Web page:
I’ve been following the events in Ferguson MO over the past week like everyone and, like everyone with a conscience and who knows how to think—and which even includes certain conservatives—, have been appalled by its only-in-America character. In following the events—which, being in the US at present, I’ve been able to do on cable TV—I have been reminded of this pertinent film, directed by the 26-year-old Ryan Coogler, that I saw last January, when it opened in Paris. It’s about the shooting and killing by a police officer of a 22-year-old black male named Oscar Grant III—who did absolutely nothing to merit being shot and killed—in Oakland CA on New Year’s Eve 2008-09, at the Fruitvale BART station, and which led to civil disturbances over the subsequent days (for details of what happened, go here). [UPDATE: Here are mobile phone videos taken of the actual incident by passengers on the BART train (h/t Ellis Goldberg)]. The film, taking some dramatic license, reconstructs the day of Oscar’s life that preceded his killing, of his somewhat unstable life relationship and employment-wise, but depicting him as a basically good guy who strove to lead a normal life and absolutely did not deserve to suffer violent death. It all goes to show that merely being a young black male in America and going about your life can get you shot and killed by the police, and even in the deepest of blue states. So if you want to see a movie that is both good—reviews were tops—and topical, see this one (which should have, by all rights, received Oscar nominations but did not). Trailer is here.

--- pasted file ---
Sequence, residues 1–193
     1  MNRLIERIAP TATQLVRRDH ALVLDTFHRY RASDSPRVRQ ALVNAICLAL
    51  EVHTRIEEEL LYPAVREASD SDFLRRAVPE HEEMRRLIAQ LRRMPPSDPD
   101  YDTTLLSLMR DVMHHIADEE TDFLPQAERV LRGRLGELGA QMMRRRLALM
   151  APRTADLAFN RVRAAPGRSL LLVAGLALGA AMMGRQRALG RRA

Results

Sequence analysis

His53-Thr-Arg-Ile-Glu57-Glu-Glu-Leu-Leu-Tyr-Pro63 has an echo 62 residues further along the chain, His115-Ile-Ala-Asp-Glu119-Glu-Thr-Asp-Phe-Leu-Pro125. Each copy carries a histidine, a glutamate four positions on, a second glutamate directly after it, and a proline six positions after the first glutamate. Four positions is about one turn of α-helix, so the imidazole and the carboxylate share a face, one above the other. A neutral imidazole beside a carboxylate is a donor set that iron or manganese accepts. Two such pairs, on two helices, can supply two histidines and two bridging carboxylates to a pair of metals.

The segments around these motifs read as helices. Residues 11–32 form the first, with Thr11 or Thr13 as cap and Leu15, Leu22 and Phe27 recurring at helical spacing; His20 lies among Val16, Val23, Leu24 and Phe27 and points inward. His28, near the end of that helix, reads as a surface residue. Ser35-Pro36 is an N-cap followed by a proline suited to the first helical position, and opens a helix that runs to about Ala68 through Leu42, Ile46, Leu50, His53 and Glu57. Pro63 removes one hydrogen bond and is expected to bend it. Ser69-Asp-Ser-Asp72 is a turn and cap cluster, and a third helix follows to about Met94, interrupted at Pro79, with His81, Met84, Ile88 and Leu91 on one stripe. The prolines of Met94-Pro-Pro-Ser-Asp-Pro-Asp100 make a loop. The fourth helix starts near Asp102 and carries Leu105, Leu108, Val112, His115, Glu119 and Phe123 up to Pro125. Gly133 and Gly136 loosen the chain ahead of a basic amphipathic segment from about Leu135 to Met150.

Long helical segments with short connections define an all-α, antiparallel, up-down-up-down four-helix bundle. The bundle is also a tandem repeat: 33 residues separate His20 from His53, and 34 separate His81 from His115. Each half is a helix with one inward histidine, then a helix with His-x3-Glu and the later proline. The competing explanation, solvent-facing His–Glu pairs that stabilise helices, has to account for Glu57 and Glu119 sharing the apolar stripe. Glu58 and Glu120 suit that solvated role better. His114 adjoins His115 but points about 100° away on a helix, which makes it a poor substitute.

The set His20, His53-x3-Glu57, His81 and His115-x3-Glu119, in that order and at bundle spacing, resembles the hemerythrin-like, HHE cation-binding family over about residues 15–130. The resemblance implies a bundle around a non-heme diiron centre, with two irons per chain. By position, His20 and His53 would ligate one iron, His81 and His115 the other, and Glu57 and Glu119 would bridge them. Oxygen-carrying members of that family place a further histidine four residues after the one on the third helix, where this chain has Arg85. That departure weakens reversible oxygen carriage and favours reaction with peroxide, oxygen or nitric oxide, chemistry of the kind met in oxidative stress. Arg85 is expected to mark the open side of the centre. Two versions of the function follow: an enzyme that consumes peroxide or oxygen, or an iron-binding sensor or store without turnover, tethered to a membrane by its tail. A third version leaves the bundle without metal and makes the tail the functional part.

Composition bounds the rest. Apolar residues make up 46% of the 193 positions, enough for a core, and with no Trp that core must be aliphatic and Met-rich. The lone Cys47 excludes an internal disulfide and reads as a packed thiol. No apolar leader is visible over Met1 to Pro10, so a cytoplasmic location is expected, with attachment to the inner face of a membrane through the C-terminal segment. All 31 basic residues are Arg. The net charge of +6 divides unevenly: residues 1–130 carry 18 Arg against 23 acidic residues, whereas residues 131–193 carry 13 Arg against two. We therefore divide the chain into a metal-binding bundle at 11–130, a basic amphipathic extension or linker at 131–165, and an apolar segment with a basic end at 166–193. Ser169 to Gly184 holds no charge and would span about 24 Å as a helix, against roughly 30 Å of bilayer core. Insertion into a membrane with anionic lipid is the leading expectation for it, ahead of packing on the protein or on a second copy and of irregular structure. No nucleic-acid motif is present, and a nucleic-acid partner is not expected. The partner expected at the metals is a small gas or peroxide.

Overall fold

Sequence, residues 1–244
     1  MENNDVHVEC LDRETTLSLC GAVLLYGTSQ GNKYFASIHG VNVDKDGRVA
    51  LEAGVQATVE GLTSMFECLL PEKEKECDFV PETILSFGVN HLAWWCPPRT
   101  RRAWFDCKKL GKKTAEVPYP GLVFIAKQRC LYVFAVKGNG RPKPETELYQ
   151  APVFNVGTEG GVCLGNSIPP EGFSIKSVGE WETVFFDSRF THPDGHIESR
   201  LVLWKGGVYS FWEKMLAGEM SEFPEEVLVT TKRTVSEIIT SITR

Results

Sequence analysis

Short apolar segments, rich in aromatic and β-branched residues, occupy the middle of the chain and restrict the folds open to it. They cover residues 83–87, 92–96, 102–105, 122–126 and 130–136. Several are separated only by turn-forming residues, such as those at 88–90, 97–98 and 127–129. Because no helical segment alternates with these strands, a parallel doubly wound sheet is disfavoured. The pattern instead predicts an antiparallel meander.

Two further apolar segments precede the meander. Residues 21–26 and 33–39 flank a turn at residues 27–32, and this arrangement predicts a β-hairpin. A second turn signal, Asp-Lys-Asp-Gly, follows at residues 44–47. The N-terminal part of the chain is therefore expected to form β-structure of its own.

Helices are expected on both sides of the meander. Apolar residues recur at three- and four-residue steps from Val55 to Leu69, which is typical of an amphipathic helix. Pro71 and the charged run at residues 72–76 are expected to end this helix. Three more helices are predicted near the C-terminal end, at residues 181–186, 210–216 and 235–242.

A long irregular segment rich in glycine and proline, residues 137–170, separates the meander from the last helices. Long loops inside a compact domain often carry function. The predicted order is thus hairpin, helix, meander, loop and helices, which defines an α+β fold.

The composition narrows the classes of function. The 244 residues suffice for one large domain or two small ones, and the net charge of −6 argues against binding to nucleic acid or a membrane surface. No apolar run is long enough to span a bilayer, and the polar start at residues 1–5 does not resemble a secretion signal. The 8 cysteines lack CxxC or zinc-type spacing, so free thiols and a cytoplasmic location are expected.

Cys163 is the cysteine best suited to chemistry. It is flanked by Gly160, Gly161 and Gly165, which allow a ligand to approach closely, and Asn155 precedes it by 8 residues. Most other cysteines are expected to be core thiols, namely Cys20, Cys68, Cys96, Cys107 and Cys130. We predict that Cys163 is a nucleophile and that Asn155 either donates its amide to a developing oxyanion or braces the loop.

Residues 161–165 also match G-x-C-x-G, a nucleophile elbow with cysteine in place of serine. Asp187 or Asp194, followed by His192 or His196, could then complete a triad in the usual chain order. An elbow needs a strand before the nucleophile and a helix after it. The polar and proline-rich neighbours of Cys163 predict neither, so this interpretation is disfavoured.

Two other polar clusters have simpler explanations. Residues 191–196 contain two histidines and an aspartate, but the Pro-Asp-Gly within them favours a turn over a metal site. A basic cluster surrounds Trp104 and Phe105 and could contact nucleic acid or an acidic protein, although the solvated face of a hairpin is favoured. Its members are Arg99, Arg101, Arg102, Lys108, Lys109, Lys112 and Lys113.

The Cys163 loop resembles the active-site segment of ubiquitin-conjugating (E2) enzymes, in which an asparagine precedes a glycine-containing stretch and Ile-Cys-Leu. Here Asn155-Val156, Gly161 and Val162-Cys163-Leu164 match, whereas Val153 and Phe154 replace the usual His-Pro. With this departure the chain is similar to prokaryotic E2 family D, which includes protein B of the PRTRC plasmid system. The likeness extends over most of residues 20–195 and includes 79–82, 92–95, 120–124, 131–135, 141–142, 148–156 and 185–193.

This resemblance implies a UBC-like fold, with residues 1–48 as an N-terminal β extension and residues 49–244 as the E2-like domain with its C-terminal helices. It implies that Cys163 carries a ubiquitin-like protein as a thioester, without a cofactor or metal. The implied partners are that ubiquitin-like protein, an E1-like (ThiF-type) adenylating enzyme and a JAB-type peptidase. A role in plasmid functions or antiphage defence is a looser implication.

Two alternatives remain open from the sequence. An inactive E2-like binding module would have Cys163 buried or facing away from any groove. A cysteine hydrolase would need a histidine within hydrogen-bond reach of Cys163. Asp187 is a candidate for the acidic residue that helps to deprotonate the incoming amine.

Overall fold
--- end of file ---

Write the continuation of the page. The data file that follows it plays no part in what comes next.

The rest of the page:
BTW, when I wrote above that the Ferguson events presently underway were “only-in-America,” I did not mean to imply that America is exceptional when it comes to racist cops behaving badly toward members of visible minority groups. This happens in many countries, including France, of course (I’ve had so many posts on this that they need not be linked to). What is only-in-America—among advanced Western democracies, at least—is the trigger-happiness of the police, of the sheer number of unarmed visible minority young men they kill. À propos, here’s a commentary in The Economist magazine I just read on the militarized “Trigger happ[iness]” of the American police, which so contrasts from its counterparts in Great Britain. And contrasting with another major Western democracy, here’s an item from two years ago on how “German police fired just 85 bullets total in 2011,” compared with the
84 shots [that] were fired at one murder suspect in Harlem, and another 90 at an unarmed man in Los Angeles.
In France the police are thoroughly racist and odious. And their behavior regularly provokes riots by youthful members of visible minorities. So how many people do the police kill during such occurrences? In the biggest recent riots of all—over three weeks in October-November 2005—the number of persons killed was exactly two (and neither by bullets). Case closed.
In the interests of fairness and balance—and not to make the police look all bad—, I saw a quite good indy pic back in late ’12, ‘End of Watch’, directed by David Ayer, of a couple of buddy cops in East L.A. trying to do their job and who have to deal with, entre autres, Mexican criminal gangs whose proclivity for violence far exceeds anything any US police department would be capable of. Roger Ebert’s four-star review thus began
“End of Watch” is one of the best police movies in recent years, a virtuoso fusion of performances and often startling action. Jake Gyllenhaal and Michael Peña are Taylor and Zavala, two Los Angeles street cops who bend a few rules but must be acknowledged as heroes. After too many police movies about officers who essentially use their badges as licenses to run wild, it’s inspiring to realize that these men take their mission — to serve and protect — with such seriousness they’re willing to risk their lives.